PHOENIX – The national unity that followed the events of Sept. 11, 2001, can be a valuable lesson to take from that tragic day, Mayor Greg Stanton said Tuesday.
“During that time after 9/11, we as people of this country were not one political party or the other. We came together in common spirit and a common cause,” Stanton said during a commemoration at City Hall. “And oh, couldn’t we use that spirit here today with the division we see in our country.”
Eleven years after the tragedy in New York City, Washington, D.C., and Shanksville, Pa., officials and residents of the nation’s sixth-largest city gathered to remember the nearly 3,000 lives that were lost.
“We honor the fathers, we honor the mothers, the sons, daughters, co-workers, neighbors and friends that were taken from us that tragic morning,” Stanton said.
City Manager David Cavazos focused on the heroes who emerged that day, praising the Phoenix counterparts of those firefighters and police officers who answered the call.
“I know that if something like that ever happened in Phoenix we would have had the same response,” Cavazos said.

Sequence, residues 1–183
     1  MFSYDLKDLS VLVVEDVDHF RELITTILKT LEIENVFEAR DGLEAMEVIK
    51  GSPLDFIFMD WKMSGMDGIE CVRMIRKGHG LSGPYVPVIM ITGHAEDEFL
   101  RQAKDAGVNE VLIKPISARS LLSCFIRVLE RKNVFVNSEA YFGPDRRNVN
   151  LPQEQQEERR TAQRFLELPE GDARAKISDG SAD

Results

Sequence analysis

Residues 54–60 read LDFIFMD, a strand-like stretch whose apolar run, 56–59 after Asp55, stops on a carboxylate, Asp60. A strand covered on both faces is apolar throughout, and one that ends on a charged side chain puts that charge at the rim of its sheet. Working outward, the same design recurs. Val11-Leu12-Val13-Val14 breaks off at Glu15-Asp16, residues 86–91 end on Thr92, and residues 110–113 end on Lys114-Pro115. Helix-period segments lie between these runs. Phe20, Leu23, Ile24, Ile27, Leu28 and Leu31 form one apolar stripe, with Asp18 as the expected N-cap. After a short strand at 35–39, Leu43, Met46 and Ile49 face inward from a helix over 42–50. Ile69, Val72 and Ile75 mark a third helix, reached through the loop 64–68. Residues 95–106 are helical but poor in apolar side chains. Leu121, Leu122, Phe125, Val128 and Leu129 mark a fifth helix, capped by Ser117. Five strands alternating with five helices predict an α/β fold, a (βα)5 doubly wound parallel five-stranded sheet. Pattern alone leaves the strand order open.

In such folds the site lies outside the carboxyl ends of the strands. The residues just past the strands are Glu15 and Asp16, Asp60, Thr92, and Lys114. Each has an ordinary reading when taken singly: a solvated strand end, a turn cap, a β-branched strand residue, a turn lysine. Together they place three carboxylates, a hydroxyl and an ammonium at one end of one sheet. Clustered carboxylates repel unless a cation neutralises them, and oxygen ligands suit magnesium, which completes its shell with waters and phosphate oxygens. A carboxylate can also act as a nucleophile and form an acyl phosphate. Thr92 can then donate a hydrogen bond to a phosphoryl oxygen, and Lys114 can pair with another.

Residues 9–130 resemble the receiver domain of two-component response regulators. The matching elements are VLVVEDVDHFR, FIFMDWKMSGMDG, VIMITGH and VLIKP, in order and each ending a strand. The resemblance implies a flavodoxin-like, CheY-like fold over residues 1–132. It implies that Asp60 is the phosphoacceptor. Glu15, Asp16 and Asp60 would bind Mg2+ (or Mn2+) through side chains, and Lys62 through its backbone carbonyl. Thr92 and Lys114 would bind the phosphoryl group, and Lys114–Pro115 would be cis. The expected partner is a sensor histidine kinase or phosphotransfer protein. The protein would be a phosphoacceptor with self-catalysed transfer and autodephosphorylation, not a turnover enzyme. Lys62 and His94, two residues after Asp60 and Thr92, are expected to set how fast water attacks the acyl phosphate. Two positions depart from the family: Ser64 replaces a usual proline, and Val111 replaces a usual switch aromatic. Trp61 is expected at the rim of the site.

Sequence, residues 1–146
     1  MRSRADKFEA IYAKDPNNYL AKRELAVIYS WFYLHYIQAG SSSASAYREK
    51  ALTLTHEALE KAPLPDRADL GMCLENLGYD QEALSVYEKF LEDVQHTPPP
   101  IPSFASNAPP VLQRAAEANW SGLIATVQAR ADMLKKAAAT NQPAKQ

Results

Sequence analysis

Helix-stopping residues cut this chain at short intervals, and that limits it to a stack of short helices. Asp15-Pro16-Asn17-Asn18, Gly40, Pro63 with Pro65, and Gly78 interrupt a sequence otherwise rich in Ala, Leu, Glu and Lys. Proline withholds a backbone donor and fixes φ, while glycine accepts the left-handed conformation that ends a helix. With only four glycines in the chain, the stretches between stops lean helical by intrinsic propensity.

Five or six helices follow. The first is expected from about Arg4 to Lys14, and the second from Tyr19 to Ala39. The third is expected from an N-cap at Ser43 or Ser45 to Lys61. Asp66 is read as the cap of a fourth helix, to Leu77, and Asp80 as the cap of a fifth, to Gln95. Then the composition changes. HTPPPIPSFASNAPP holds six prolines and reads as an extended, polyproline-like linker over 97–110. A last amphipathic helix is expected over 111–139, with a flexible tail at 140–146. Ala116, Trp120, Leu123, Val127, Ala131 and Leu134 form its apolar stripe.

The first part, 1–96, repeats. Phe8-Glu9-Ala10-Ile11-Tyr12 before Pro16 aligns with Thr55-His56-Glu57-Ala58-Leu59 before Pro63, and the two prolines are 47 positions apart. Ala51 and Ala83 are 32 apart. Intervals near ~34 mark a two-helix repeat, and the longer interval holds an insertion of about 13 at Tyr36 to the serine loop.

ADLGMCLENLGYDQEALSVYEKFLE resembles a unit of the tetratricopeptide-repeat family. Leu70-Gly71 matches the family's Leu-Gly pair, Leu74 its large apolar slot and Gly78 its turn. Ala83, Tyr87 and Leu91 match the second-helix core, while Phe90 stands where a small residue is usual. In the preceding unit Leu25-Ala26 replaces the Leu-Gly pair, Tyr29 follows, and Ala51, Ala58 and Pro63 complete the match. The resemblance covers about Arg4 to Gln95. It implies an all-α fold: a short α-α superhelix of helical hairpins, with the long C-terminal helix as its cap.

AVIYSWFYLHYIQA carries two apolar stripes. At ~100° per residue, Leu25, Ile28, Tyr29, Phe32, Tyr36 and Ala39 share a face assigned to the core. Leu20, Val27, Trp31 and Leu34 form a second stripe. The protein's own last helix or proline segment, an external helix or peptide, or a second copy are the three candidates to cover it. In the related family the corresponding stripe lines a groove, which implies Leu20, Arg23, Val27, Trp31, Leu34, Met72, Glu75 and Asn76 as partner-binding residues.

Gordon Cunningham, commander of the Fire Department Honor Guard, introduced the traditional ringing of a bell to commemorate the hundreds of public servants who died in the line of duty.
“To those who gave their lives for the good of their fellow citizens, let us bring them home once again on this occasion,” he said. “Your tasks are now complete. Your earthly duties, you have very well done. The bells and the pipes now toll for you. You are going home.”
After the bell rang out in five sets of four tolls, a lone trumpet filled the atrium with the strains of “Taps.” Stanton and members of the City Council then laid a memorial wreath on the bell as a bagpiper played “Amazing Grace.”
Stanton said Phoenix residents shouldn’t be shy in expressing gratitude toward Phoenix’s firefighters and police officers.
“As we honor the lives lost that day, please take the time, if you see a police officer at a restaurant or a grocery store, if you see a firefighter in the community, make sure you say ‘thank you’ to them,” he said. “‘Thank you’ for what they do for our safety here in our city every single day.”
Gov. Jan Brewer issued a statement calling for state flags to be flown half-staff Tuesday and declaring that America hasn’t been cowed by the attacks.
“Far from defeating us, the blow of 9/11 has only buoyed our nation and strengthened our resolve,” Brewer’s statement said. “Eleven years later, perhaps this is the most fitting tribute that could be offered to the victims of that day.”